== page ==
We need an institutional response to clear this infrastructure business in the long-term. I hope that one of the points mentioned in the budget speech which would certainly be in the policy regime would be to talk about one institutional mechanism for this country that weaves together all inter-ministerial and centre-state issues on infrastructure.
Q: On this issue of import duty you are certain that some kind of hike is definitely coming? In our interaction with the power association that has been speaking to the PMO they indicated that they weren’t too happy about it. It's good news for BHEL but they didn’t see it as making the best economic sense for power companies?
A: It is good news for BHEL and L&T and a few others who are in the business of making big power equipment. But honestly like everything else in economics, there are two points of view on this. One of course is that we require a level playing field and I will be blatant about it, we require a level playing field with China. Across various dimensions, between domestic producers and Chinese suppliers, the playing field is not level. That is something that everybody knows. Therefore, there is a case for protecting or creating domestic jobs to encourage domestic investments, domestic R&D and technology absorption.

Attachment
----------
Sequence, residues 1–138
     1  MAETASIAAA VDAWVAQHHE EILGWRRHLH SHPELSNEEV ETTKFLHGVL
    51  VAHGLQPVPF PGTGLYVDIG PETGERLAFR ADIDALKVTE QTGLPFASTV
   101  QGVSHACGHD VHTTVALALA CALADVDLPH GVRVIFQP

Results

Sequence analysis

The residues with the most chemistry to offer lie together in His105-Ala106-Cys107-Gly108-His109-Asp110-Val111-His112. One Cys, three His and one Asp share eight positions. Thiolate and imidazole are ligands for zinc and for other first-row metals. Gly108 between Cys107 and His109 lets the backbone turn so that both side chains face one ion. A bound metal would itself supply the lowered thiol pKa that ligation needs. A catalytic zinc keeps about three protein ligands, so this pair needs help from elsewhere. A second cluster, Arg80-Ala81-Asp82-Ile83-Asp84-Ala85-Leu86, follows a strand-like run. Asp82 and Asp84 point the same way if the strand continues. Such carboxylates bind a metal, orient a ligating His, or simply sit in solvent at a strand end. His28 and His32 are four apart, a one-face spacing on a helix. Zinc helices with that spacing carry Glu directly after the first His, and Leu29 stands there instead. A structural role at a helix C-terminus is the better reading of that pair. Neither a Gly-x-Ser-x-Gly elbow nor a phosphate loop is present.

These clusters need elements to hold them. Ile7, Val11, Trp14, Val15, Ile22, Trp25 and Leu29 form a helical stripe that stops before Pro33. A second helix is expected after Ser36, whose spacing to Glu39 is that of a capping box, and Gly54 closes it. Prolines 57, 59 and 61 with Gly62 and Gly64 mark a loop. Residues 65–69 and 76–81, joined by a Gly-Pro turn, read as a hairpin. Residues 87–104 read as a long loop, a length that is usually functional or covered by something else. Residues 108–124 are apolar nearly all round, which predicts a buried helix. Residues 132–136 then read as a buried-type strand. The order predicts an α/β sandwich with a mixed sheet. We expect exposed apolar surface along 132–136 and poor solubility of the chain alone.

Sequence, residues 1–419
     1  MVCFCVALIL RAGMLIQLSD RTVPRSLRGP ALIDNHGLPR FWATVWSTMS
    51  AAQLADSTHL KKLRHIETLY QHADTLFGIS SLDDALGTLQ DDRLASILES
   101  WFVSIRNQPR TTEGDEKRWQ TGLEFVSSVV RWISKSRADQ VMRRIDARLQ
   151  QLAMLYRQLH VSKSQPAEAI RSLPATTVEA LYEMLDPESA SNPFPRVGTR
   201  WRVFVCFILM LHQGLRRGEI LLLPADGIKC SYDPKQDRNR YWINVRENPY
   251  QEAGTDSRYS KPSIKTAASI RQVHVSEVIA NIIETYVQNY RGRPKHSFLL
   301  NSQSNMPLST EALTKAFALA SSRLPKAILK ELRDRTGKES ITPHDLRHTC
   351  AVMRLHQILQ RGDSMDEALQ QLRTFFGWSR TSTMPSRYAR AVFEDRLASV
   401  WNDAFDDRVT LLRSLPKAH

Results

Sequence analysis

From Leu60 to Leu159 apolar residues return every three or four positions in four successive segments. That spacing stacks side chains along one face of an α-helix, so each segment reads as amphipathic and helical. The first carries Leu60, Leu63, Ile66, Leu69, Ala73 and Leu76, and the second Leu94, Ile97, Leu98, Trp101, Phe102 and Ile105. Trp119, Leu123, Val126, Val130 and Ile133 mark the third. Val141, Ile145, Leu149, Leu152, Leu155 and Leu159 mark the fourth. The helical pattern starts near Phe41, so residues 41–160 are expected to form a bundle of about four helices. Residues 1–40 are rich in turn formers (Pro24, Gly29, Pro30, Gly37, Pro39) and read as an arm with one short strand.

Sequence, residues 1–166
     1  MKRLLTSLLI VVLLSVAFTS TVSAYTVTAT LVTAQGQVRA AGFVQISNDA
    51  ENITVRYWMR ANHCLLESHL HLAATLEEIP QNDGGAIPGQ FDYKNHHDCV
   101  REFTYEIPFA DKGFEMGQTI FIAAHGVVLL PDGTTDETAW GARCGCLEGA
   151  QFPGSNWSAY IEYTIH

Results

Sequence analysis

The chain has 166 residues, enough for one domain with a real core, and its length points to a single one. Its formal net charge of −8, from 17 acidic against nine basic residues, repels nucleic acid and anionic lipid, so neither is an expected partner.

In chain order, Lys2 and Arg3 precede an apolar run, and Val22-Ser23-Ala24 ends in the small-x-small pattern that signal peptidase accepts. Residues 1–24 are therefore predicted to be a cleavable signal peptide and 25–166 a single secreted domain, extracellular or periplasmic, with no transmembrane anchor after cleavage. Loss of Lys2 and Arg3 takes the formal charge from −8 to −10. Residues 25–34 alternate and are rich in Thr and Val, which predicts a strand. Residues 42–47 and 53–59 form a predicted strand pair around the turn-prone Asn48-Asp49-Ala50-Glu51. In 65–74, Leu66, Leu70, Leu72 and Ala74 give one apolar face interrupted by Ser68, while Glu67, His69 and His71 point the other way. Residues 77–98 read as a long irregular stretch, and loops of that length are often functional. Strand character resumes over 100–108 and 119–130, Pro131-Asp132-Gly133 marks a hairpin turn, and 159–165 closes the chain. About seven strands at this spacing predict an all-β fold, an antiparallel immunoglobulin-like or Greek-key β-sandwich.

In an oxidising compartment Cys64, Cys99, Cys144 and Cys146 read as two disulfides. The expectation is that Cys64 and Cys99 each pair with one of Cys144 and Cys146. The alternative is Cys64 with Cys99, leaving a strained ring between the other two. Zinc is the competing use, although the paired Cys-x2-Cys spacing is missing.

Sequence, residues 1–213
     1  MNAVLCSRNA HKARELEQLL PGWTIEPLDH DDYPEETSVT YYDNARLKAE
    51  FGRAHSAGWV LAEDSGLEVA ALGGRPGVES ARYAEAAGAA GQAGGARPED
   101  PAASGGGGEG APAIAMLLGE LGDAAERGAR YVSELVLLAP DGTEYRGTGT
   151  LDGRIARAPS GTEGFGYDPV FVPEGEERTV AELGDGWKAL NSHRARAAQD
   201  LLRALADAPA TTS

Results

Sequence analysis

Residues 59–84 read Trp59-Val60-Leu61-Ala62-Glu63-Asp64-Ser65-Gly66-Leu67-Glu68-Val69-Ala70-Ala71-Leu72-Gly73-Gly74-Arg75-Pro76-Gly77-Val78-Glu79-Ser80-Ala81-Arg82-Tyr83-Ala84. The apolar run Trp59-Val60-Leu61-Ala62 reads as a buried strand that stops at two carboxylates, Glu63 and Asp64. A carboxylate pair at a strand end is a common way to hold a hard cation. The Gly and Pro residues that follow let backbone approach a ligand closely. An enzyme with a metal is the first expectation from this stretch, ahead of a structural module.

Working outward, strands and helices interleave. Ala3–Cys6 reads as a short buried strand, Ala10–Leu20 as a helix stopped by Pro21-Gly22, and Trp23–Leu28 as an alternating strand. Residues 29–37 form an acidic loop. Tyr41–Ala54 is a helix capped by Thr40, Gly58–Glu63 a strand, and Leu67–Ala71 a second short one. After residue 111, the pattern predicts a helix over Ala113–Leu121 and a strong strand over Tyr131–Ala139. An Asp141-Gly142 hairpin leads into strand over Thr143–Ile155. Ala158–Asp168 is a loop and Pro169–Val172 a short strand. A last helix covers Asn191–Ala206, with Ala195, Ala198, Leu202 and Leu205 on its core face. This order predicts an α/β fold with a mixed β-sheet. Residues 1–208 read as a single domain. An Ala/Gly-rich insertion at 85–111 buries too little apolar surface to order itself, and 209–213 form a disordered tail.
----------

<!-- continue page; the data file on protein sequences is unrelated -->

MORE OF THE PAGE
On the other hand power producers will argue - look the end delivery is cheap power to the people and therefore the issue is you should allow us to shop anywhere in the world and allow us to get the best deals that are possible for us as purchasers of equipments. Why should you handcuff us to that extent?
To be honest both points of view are correct. You cannot deny the economic logic of both of these but somewhere the government has to make up its mind. If I were to arbitrate on the matter I would certainly put a certain amount of import duty on a specific country of origin imports where it is well established across various committees including the Arun Maira Committee from the planning commission that argued for a 14% import duty.